Where voy is the initial vertical velocity, g is the acceleration due to gravity, t is the time, and yo is the initial vertical position.

**Data and Calculations:**

**Determining Range as a Function of Projectile Angle:**- The range (R) can be calculated using the formula: R=gv2⋅sin(2θ)

**Determining Maximum Height of Projection:**- The maximum height (H) is given by: H=2gvoy2

**Determining Maximum Range as a Function of Initial Velocity:**- The range (R) can be calculated as: R=gv2⋅sin(2θ)

Present the recorded data in tables for each experiment.

Include graphs if necessary to visualize trends and relationships between variables.

Conclusion: Summarize the key findings from each experiment, emphasizing the impact of launch angle and initial velocity on projectile motion. Relate the experimental results to the theoretical concepts discussed.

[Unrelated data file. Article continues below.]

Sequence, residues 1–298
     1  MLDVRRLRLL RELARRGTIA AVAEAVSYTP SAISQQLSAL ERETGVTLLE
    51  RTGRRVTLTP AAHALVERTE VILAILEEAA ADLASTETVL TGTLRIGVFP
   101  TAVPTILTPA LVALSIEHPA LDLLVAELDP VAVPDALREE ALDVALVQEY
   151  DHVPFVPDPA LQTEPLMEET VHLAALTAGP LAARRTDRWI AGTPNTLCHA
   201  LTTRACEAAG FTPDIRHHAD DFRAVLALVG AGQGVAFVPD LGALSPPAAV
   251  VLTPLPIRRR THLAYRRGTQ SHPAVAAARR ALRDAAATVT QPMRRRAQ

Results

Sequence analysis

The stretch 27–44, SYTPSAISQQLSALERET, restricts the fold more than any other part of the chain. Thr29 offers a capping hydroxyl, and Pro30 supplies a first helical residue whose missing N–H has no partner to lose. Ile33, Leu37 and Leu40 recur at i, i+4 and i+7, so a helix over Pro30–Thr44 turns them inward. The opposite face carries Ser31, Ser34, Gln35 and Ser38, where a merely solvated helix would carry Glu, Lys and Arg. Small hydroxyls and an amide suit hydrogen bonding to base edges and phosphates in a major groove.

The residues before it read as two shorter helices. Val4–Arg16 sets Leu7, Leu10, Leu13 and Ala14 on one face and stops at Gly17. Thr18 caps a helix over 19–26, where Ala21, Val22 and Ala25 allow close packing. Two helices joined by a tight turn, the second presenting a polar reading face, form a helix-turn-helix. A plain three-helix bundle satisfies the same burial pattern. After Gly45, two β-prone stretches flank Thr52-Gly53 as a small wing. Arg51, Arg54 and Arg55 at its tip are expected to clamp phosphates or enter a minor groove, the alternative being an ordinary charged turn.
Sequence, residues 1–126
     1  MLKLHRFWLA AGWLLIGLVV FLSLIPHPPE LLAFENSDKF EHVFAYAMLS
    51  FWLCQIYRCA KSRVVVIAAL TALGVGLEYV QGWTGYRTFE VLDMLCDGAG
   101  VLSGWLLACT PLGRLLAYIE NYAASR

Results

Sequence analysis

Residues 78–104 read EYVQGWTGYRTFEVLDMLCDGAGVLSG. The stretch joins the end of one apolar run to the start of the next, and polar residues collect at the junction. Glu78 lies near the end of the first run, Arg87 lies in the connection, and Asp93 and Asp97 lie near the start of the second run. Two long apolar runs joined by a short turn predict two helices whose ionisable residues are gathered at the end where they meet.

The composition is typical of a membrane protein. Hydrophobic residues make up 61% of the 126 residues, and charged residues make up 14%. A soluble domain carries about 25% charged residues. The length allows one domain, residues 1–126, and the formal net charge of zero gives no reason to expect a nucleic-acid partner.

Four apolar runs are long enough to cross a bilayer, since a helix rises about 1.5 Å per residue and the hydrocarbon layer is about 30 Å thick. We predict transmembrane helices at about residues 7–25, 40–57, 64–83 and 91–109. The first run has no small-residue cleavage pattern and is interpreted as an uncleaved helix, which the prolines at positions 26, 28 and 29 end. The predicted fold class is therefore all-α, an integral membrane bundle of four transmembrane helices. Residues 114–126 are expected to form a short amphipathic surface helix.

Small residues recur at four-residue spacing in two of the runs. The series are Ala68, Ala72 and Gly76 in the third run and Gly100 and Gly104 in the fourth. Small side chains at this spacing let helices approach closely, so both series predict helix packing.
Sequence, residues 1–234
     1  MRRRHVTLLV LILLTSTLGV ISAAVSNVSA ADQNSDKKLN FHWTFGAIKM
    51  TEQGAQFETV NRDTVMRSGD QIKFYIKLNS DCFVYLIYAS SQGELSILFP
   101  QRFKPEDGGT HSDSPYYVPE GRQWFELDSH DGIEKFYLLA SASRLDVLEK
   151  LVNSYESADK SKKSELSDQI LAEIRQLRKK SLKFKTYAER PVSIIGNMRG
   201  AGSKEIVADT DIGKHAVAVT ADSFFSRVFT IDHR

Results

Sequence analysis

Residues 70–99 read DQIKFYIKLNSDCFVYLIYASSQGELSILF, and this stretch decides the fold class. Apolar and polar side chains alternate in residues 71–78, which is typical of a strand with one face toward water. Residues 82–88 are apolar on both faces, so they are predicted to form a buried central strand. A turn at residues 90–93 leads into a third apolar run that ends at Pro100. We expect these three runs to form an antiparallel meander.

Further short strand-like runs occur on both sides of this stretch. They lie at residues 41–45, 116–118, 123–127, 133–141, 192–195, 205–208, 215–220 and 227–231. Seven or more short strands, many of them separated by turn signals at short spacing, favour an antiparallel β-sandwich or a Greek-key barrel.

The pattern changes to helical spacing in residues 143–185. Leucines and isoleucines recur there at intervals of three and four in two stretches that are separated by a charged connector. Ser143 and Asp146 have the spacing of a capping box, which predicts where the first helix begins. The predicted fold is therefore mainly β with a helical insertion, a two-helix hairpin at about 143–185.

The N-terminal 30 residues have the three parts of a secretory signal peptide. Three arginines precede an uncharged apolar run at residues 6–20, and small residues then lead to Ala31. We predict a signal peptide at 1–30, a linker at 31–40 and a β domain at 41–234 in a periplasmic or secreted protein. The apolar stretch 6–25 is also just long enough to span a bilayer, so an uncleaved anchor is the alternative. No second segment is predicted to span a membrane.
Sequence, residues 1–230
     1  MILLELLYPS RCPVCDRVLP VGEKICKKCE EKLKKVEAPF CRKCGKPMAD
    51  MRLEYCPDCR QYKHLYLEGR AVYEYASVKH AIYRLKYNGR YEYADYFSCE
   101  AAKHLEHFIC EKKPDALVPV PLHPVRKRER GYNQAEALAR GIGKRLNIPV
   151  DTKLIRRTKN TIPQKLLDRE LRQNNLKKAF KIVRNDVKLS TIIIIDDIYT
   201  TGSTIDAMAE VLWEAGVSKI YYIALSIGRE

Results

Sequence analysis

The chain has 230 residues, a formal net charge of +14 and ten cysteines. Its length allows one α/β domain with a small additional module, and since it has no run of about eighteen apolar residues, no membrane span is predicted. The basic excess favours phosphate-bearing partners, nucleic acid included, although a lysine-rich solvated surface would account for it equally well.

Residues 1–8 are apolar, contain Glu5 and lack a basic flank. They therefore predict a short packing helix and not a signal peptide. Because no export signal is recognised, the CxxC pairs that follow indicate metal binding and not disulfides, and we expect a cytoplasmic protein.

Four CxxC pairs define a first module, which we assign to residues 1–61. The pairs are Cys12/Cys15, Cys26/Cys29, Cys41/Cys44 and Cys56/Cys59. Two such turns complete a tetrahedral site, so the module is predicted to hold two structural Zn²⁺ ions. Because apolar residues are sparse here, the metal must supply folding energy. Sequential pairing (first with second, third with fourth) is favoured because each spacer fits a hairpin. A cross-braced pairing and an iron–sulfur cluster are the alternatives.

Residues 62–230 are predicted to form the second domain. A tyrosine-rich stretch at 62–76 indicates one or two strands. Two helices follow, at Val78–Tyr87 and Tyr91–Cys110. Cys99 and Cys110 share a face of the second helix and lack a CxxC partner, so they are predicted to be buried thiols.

Applications: Discuss real-world applications of projectile motion, such as sports, engineering, and physics research.

Limitations and Sources of Error: Address potential sources of error in the experiments and discuss how they might have influenced the results.

Future Extensions: Suggest possible extensions to the laboratory, such as exploring the effects of air resistance or investigating projectile motion in different gravitational environments.

**Combining Horizontal and Vertical Velocities:** To find the total velocity (v) of a projectile, the horizontal velocity (vx) and the vertical velocity (vy) are combined using the Pythagorean Theorem: v=vx2+vy2